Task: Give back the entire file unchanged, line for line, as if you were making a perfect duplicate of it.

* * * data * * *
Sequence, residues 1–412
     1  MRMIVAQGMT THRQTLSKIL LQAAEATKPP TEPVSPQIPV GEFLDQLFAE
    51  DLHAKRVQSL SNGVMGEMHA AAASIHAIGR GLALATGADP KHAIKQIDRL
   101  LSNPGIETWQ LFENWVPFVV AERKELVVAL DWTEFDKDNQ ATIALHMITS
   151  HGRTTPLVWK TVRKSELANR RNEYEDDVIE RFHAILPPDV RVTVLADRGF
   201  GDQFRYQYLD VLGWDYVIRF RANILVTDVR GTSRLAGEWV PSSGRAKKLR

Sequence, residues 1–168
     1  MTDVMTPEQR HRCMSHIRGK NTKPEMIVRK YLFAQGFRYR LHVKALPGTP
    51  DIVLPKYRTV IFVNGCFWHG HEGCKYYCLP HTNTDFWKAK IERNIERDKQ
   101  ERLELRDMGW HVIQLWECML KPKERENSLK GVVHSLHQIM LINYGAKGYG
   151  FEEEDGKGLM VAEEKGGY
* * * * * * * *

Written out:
Sequence, residues 1–412
     1  MRMIVAQGMT THRQTLSKIL LQAAEATKPP TEPVSPQIPV GEFLDQLFAE
    51  DLHAKRVQSL SNGVMGEMHA AAASIHAIGR GLALATGADP KHAIKQIDRL
   101  LSNPGIETWQ LFENWVPFVV AERKELVVAL DWTEFDKDNQ ATIALHMITS
   151  HGRTTPLVWK TVRKSELANR RNEYEDDVIE RFHAILPPDV RVTVLADRGF
   201  GDQFRYQYLD VLGWDYVIRF RANILVTDVR GTSRLAGEWV PSSGRAKKLR

Sequence, residues 1–168
     1  MTDVMTPEQR HRCMSHIRGK NTKPEMIVRK YLFAQGFRYR LHVKALPGTP
    51  DIVLPKYRTV IFVNGCFWHG HEGCKYYCLP HTNTDFWKAK IERNIERDKQ
   101  ERLELRDMGW HVIQLWECML KPKERENSLK GVVHSLHQIM LINYGAKGYG
   151  FEEEDGKGLM VAEEKGGY